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With Such High Arsenic Levels, Why Isn't Rice Regulated?

December 30, 2014 - 10:53pm

Puffed rice with a bit of poison. Shutterstock

By Andy Meharg, Queen's University Belfast

There are two sides to rice: the grain that feeds half the world – and the primary carcinogenic source of inorganic arsenic in our diet.

Arsenic is a natural occurring element that is ubiquitous in the environment. It is present primarily as inorganic arsenic, which is highly toxic.

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Historical Sites In Syria Have Been Looted And Damaged

December 30, 2014 - 10:19pm

It's no secret that war is tough on innocent buildings so it is no surprise that four of six major archaeological sites in Syria have been heavily looted and damaged, according to an analysis of high-resolution satellite images. 

The report analyzes 6 of the 12 sites that Syria has nominated as World Heritage Sites: Dura Europos, Ebla, Hama's Waterwheels, Mari, Raqqa, and Ugarit. Images from 2014 show numerous pits throughout three sites where ancient cities once stood. The pits generally do not appear in similar images from 2011, when the conflict in Syria began. 


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The Graph Of The Week - 10th Order Vertex Diagrams

December 30, 2014 - 9:40pm
Apologizing for the silence of last week, due not so much to Christmas holidays but to my working around the clock to write a grant proposal, I wish to show you today a graph which describes very well the complexities of modern day frontier theoretical calculations. That graph is the collection of some of the Feynman diagrams that have to be calculated in order to evaluate a property of the electron called its "anomalous magnetic moment".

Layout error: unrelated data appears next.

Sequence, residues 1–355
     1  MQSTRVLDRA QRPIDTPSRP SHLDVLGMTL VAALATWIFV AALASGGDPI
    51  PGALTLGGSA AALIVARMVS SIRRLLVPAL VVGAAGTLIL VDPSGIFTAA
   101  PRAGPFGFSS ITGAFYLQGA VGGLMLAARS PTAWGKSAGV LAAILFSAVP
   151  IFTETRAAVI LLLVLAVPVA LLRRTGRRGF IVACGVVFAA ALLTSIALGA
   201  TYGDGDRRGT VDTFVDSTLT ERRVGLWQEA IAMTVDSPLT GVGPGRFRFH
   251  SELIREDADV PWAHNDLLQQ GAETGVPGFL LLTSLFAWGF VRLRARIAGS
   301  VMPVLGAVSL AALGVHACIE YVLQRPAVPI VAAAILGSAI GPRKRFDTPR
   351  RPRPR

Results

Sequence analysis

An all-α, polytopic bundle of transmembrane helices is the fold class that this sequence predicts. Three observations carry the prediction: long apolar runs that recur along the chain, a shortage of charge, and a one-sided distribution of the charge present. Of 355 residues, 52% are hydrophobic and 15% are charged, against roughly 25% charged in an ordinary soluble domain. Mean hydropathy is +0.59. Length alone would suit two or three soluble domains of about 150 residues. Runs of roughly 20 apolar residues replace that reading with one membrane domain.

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By 2014, If West Wing Science And Medicine Were Real Life...

December 30, 2014 - 6:13pm
A solid 12 years after most of its audience stopped watching "The West Wing", I decided to start - all 154 episodes. In the interest of transparency, I disclose I skipped two - one was a retrospective and one was nothing but a debate between two characters  that no one could care much about who were running for president to succeed the sitting president played by Martin Sheen. Real debates are boring enough but a fictional one written by one political side is really tedious.
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How Flying Snakes Fly

December 30, 2014 - 5:32pm

We don't often think of snakes as flying creatures - a lack of wings does not lend itself to flying imagery - but some snakes can glide as far as 100 feet through the air, jumping off tree branches and rotating their ribs to flatten their bodies and move from side to side.

New research from a George Washington University professor investigates the workings behind the flight and whether they can be applied to mechanical issues.


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12 New Causes Of Developmental Disorders Found

December 30, 2014 - 4:49pm

A nationwide project to study the genetic causes of rare developmental disorders has found 12 causative genes that were unidentified before. The Deciphering Developmental Disorders (DDD) nationwide genome-wide diagnostic sequencing program sequenced DNA and compared the clinical characteristics of over a thousand children to find the genes responsible for conditions that include intellectual disabilities and congenital heart defects, among others. 


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Bone Loss Drugs May Also Help Prevent Endometrial Cancer

December 30, 2014 - 4:45pm